Corporate Bonds and High Yield Bonds

The next major investment trend that I want to point out surrounds debt, but in a different way than previously discussed. Granted, most of us don’t even want to think about debt after such a terrible decade for mortgages and credit cards, but it is important to remember the significance that debt plays in a portfolio.

While the majority of a portfolio should be supported by fixed income, it is no wonder how some investors have begun supplementing the equity portions of their portfolios for equivalent bonds. While these positions are generally more risky than regular debt, they can be seen as safer than equity positions, and therefore better capable of holding value in today’s ugly markets. By the end of this article you’ll understand a little bit more about why this is, and how it is you can benefit from the trend over the course of the New Year.

The biggest reason as to why corporate bond yields are currently so high is very simple. Capital flight has plagued the 2011 markets by reducing trading volumes, and increasing volatility. Given their risky nature, many institutions therefore opted to sell off positions in their corporate and high-yield bond holdings in order to secure the value of their holdings in safer holdings.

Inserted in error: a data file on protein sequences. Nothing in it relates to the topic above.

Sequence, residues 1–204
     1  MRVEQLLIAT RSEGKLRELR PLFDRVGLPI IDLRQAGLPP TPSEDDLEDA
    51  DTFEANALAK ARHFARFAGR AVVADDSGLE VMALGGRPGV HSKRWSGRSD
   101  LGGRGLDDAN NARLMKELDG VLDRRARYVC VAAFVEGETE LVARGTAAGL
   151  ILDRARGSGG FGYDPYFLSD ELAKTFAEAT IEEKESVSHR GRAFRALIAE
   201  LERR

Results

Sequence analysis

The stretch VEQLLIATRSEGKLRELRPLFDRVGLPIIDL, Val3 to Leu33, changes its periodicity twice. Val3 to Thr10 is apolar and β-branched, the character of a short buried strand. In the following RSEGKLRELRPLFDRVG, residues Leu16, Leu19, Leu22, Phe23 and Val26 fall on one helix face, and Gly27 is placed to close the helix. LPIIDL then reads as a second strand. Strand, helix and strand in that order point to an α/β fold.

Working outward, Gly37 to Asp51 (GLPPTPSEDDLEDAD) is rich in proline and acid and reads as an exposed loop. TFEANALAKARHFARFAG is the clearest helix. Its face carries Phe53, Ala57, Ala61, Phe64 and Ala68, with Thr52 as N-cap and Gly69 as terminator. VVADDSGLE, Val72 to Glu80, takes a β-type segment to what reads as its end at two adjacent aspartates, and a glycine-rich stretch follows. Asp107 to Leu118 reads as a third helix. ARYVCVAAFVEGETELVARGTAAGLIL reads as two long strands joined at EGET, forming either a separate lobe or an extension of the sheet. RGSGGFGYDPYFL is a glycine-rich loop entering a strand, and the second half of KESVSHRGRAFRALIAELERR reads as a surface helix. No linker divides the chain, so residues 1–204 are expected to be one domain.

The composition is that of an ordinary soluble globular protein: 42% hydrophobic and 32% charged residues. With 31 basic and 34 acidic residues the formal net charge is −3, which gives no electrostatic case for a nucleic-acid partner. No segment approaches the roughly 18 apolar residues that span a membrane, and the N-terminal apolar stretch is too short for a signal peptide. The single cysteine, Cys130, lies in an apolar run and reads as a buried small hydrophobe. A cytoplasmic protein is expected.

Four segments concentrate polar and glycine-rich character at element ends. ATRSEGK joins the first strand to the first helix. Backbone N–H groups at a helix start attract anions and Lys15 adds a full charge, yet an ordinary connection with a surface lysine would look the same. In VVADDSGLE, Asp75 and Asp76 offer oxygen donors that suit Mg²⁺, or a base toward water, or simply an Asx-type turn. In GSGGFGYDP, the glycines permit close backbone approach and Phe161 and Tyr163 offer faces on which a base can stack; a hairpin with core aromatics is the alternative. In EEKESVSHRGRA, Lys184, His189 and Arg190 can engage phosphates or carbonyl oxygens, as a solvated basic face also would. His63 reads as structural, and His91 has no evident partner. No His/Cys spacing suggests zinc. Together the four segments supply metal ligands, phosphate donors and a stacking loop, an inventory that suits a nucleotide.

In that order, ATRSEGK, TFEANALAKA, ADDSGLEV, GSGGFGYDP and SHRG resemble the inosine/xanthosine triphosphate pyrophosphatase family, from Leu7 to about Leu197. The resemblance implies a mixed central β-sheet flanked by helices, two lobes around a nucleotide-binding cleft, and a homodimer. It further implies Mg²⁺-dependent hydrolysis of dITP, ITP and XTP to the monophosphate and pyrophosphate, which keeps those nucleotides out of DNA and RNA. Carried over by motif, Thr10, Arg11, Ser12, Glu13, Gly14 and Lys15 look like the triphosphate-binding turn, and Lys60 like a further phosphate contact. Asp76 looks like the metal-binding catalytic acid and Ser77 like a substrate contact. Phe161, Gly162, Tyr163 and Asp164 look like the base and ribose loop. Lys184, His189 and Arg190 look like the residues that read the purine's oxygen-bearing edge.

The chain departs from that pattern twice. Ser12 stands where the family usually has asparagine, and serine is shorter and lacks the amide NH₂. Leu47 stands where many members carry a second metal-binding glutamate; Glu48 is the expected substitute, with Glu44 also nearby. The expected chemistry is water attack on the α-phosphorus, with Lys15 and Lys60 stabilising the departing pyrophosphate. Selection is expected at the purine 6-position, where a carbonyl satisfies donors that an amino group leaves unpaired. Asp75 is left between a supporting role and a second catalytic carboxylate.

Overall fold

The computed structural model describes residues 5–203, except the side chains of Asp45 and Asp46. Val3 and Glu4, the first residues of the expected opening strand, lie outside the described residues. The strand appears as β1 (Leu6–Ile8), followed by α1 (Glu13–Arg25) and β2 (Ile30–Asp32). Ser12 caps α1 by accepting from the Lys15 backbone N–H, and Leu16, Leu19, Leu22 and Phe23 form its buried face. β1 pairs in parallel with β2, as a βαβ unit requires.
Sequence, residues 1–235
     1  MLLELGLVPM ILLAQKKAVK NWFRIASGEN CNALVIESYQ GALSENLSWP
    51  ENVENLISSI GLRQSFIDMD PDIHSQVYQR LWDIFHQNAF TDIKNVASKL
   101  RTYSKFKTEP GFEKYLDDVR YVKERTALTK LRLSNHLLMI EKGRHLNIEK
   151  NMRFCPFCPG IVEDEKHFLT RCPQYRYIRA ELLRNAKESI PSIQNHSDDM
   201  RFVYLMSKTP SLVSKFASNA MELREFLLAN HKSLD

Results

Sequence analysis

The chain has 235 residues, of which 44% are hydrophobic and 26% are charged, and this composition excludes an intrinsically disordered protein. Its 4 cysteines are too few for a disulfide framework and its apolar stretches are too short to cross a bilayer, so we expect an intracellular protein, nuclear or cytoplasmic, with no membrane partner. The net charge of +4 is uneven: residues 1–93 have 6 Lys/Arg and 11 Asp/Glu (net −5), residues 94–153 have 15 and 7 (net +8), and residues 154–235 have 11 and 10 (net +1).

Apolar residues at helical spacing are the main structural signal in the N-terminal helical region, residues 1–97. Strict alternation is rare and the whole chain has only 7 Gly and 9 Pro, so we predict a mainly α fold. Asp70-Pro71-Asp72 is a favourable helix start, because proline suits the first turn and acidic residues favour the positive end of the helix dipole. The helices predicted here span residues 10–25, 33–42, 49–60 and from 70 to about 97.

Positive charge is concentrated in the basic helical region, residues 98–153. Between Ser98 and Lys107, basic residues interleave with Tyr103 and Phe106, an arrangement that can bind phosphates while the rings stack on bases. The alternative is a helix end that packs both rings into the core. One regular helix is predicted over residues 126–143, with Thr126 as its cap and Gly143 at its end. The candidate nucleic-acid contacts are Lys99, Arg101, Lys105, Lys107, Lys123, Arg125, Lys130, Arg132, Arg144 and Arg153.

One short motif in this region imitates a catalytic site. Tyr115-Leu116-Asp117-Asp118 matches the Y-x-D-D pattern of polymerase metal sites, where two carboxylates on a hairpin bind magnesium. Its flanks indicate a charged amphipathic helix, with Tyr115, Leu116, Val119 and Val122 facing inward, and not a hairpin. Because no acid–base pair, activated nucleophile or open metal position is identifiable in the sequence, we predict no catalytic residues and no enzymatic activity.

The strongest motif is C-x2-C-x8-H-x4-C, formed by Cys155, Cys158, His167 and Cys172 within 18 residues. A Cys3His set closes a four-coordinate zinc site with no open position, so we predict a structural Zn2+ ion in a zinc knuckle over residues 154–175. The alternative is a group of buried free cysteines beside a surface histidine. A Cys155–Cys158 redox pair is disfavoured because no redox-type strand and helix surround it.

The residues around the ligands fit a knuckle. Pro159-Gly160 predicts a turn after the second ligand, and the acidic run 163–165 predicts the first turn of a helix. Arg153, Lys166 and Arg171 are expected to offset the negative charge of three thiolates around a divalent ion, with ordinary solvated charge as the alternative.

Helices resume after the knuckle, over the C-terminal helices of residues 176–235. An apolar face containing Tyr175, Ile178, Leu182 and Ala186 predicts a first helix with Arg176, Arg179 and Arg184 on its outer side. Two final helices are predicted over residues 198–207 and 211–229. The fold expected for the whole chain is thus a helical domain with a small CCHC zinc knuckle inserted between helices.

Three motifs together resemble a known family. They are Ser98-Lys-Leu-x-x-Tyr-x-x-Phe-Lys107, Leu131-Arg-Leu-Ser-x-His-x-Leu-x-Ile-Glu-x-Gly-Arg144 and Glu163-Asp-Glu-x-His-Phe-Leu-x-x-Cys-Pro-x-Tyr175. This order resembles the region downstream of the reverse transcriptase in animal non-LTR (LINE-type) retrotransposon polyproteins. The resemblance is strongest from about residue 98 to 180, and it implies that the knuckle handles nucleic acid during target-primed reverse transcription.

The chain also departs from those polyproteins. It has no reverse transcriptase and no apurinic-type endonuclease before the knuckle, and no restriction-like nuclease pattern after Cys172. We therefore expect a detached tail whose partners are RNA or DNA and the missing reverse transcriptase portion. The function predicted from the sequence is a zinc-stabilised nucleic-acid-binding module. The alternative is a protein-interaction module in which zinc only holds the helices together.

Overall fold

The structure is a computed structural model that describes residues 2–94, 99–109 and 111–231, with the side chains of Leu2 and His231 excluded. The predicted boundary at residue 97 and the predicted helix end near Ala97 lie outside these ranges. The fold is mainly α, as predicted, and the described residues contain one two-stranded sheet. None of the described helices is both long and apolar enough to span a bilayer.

This can partially be seen in the great expansion of the price of gold, since many investors saw it as a venue for protecting the value of their funds than the high-yield positions.

The end result is that we are seeing corporate bond yields that are between 5-10%, even though the companies themselves are reasonably secured. For the sake of comparison, these corporate bond yields suggest that the bonds of a major mining company are as risky as investing in bonds from the government of Hugo Chavez’ Venezuela.

Just a reminder, this is the same country that nationalized several gold mining operations over the last year. As an investor, all you need to do is your own due diligence to assess the true value of these positions, and decide whether or not the market is accurately pricing in their worth.

Looking forward to investing in 2012, one of the most exciting trends that I see is this undervaluation of corporate bonds. Granted, there is still a great deal of risk associated with investing in these kinds of securities, but I find that there are enough opportunities available to make the screening a little bit easier. My strategy is to simply look at all of my non-yielding equity positions, and look to see if there is a bond from the same company that would provide a better stability or return.

Realistically, the risks are all generally the same, it’s just a question of how it is you want a portfolio to generate returns. For the coming year, it appears as though the balance of analysis favours debt securities due to their yield.